Check out some noteworthy examples of corporate social media policies if you need help getting started on your own.

7) Set up a triaging methodology.

Part of being in social media means you have to be, you know ... social. That means people will start coming to you for lots of things. Do you have a resource for this? Do you sell that? Why did you screw these up? I want to talk to someone in your sales/customer service/accounting/IT department!

That can all get extremely overwhelming and cause a lot of fumbling and scrambling around ... if you don't have a methodology to triage all of the requests coming at you from your social networks. For example, if a sales or customer service inquiry comes in to us through social media, we know exactly what to do without even a moment's thought:

  1. Go to Salesforce.com, and search for the person's name.
  2. If they're in Salesforce, identify their lead owner or dedicated customer service representative. If they're not in Salesforce, send the request to a manager to assign to one of their reps.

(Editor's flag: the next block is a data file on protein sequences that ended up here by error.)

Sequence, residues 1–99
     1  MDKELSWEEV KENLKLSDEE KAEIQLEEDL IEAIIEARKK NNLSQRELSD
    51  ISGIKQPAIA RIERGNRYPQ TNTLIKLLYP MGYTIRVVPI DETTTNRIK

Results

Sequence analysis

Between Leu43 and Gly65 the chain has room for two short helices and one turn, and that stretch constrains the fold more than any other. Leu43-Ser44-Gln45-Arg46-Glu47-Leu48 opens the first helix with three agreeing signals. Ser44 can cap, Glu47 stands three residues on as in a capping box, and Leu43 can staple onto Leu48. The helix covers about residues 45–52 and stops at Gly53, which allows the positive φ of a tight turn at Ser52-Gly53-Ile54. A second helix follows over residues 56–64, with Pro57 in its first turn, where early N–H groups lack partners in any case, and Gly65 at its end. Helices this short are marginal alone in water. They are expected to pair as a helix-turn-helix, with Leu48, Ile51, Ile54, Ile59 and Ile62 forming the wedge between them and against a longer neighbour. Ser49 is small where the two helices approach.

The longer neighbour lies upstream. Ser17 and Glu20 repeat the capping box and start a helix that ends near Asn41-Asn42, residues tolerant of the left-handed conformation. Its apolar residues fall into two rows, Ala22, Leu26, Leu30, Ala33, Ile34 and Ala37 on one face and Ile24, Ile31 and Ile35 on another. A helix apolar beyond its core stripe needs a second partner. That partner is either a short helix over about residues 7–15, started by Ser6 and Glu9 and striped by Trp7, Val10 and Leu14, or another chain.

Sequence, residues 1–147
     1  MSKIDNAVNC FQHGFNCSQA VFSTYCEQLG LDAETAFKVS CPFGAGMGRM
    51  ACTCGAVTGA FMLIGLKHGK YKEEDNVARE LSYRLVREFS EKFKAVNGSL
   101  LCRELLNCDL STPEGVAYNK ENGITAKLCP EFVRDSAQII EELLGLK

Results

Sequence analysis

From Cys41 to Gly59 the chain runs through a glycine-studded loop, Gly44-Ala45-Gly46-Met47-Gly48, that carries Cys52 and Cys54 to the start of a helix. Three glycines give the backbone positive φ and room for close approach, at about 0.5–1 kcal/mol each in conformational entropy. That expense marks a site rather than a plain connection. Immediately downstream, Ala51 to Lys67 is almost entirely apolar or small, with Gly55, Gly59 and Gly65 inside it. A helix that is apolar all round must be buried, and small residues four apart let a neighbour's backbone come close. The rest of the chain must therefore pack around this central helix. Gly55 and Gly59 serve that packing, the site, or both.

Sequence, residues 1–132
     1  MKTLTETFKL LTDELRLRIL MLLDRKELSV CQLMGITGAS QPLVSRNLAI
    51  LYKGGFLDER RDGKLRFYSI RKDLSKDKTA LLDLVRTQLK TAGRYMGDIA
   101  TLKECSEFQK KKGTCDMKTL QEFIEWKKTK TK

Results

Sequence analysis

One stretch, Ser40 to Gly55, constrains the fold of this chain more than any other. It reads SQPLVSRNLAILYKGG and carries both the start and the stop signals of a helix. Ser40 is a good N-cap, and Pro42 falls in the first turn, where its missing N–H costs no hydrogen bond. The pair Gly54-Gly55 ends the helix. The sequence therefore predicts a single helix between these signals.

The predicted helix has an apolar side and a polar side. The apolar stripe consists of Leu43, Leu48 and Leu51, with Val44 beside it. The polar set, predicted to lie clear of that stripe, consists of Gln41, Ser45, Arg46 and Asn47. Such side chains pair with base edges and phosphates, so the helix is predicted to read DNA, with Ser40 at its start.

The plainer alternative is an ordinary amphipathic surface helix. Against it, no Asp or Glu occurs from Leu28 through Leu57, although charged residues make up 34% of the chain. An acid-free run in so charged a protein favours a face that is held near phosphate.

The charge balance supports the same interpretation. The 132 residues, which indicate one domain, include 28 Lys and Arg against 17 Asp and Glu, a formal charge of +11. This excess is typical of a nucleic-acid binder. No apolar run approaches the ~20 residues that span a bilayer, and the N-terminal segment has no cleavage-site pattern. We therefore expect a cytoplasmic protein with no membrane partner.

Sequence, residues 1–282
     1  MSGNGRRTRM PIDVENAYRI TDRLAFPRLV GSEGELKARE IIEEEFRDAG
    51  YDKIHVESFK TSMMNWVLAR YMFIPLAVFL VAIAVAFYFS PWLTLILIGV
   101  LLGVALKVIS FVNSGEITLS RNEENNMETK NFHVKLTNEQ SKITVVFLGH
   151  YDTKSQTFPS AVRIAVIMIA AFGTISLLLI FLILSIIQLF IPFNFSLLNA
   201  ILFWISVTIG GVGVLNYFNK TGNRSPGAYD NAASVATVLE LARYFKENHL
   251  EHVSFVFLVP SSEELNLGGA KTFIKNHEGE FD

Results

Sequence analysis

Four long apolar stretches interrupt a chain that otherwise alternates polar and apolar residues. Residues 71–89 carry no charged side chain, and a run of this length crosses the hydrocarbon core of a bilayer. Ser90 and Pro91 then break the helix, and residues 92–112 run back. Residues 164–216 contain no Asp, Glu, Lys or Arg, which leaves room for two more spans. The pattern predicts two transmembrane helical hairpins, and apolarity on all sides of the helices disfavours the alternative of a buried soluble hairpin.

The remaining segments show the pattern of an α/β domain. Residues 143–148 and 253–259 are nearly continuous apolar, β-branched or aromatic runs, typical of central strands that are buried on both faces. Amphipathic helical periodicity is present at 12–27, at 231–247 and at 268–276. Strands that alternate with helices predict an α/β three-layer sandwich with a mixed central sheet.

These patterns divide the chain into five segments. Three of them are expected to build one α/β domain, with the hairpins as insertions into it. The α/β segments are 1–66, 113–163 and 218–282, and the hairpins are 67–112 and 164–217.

3. Contact their dedicated rep, send the request that came through on social media, and ask them to contact the fan or follower.
  4. Respond to the fan or follower -- privately if that nature of the request requires it -- saying their dedicated rep will be in touch via their preferred contact channel.

It runs like clockwork, and everyone in the company is used to this protocol, making it easy to triage these issues and ensure everyone gets prompt social follow-up!

8) Leverage networks' admin features.

Sometimes, more hands are better than one. Sometimes.